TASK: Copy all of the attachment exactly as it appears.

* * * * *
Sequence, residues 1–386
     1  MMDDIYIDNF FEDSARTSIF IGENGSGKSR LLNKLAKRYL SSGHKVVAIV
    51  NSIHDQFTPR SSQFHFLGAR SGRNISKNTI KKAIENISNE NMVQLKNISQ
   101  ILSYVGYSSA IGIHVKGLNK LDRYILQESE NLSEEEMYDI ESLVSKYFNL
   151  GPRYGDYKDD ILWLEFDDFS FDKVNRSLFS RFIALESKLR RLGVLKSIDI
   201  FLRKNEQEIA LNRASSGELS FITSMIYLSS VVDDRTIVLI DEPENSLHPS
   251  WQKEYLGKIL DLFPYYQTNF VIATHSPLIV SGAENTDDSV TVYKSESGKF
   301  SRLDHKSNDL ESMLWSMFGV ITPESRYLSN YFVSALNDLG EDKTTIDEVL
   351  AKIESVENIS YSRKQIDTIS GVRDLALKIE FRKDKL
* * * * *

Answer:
Sequence, residues 1–386
     1  MMDDIYIDNF FEDSARTSIF IGENGSGKSR LLNKLAKRYL SSGHKVVAIV
    51  NSIHDQFTPR SSQFHFLGAR SGRNISKNTI KKAIENISNE NMVQLKNISQ
   101  ILSYVGYSSA IGIHVKGLNK LDRYILQESE NLSEEEMYDI ESLVSKYFNL
   151  GPRYGDYKDD ILWLEFDDFS FDKVNRSLFS RFIALESKLR RLGVLKSIDI
   201  FLRKNEQEIA LNRASSGELS FITSMIYLSS VVDDRTIVLI DEPENSLHPS
   251  WQKEYLGKIL DLFPYYQTNF VIATHSPLIV SGAENTDDSV TVYKSESGKF
   301  SRLDHKSNDL ESMLWSMFGV ITPESRYLSN YFVSALNDLG EDKTTIDEVL
   351  AKIESVENIS YSRKQIDTIS GVRDLALKIE FRKDKL